neb:33coupe:Do read up on the pros and cons of cavity sliders before you settle for them. The two big ones are that you can't put them in a load-bearing wall, and that they're a maintenance nightmare, if you get stuff trapped in the cavity (which sliders tend to do) or there's a failure of some part then there's no easy way to get at it to fix it. So sliders are best for locations where they're semi-permanently open or closed, not where they'll get a lot of use.
Family room - I was thinking about cavity slider, think he quoted $1500 though, so a bit put off. I havent thought of tv / speakers positioning yet unfortunately. Will check the windows though as could save some cost there.
Some really good responses here already @33Coupe. Having been through this process just over 2 years ago for a high-end bespoke build, I'm very happy to help, so feel free to DM me with specific questions.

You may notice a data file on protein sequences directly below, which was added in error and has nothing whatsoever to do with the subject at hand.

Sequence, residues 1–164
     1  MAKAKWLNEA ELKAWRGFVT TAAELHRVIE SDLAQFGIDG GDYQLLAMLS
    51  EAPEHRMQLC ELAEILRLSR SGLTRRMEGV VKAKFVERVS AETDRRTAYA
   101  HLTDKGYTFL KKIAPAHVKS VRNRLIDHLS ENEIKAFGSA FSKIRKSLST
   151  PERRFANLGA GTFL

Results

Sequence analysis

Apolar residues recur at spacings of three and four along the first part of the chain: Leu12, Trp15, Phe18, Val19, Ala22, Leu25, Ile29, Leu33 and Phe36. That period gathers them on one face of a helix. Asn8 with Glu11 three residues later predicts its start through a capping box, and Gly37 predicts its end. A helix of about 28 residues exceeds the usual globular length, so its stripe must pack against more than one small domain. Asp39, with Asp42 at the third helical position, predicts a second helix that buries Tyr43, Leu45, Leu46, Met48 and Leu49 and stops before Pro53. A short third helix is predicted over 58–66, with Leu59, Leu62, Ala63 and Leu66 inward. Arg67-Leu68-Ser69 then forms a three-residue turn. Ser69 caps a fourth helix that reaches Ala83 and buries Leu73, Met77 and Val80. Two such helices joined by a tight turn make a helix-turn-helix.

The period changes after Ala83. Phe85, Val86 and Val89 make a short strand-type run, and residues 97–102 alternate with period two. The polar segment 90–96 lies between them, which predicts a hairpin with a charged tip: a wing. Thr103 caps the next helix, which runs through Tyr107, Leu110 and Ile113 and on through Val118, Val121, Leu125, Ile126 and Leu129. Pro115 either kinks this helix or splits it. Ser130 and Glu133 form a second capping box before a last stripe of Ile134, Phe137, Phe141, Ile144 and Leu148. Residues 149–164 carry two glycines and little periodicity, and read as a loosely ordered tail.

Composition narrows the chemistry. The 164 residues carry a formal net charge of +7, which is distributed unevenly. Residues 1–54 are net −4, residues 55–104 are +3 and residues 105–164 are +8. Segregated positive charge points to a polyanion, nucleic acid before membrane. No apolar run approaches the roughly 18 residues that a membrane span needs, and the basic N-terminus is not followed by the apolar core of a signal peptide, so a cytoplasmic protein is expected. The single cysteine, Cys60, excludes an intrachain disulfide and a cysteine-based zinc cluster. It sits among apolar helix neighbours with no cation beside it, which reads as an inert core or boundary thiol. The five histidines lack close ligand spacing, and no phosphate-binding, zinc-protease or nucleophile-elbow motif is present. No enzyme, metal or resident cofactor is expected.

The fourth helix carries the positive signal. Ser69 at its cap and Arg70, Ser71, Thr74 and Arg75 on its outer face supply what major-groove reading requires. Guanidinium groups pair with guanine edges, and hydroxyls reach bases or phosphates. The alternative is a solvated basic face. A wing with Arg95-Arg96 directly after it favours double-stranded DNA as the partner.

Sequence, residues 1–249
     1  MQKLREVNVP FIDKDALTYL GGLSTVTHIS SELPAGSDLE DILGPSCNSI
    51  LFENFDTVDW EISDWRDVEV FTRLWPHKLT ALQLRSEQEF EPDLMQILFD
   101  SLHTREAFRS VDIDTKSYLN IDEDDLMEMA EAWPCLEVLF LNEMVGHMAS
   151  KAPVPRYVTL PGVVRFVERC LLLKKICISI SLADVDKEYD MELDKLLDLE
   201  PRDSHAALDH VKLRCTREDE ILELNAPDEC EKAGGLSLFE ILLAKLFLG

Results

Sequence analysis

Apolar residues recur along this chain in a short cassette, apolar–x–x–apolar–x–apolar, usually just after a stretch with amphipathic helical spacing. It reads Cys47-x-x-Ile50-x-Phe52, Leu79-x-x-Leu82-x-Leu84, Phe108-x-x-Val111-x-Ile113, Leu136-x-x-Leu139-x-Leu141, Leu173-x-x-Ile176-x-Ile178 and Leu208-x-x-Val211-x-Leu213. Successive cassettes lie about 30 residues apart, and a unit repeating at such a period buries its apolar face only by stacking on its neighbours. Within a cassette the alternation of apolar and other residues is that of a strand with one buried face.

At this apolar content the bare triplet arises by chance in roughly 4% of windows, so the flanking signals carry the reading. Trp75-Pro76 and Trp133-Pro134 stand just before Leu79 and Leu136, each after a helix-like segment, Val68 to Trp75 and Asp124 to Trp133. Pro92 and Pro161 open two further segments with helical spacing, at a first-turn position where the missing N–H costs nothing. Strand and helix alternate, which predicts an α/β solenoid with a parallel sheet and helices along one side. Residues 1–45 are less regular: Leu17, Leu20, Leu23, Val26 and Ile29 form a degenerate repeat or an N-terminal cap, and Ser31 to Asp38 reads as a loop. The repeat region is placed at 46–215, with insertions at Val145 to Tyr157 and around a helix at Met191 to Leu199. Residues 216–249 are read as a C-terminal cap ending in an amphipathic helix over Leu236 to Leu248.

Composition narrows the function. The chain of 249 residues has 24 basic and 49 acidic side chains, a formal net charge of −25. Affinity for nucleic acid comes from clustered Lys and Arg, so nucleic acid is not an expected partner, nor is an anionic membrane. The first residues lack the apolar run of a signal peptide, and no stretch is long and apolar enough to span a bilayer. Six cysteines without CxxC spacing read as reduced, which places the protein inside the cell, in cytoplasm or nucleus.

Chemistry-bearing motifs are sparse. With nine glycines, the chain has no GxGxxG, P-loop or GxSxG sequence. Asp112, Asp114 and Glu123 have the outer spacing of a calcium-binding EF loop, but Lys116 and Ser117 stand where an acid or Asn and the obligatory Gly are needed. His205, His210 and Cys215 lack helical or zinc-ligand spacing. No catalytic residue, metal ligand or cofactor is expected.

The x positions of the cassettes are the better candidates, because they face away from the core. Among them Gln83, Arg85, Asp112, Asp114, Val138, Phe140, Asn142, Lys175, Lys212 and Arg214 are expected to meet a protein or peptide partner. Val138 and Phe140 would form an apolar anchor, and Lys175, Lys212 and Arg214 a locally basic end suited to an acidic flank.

@neb - that's not entirely correct; you can double-frame the wall, which gives you all the benefits/no drawbacks (other than the cost of a little extra framing. We did this because our lounge cavity slider is also the same wall our TV is mounted on, and I wanted cabling hidden in the framing. And technically, very few (if any) internal walls in a modern truss roof design are actually load bearing.
And in terms of maintenance, all the hardware is on the door, which can be removed, so barring a botched install, you'd never need to get into the cavity. Biggest issue with large wooden cavity sliders is that they can warp (yes, even metal-re-enforced ones).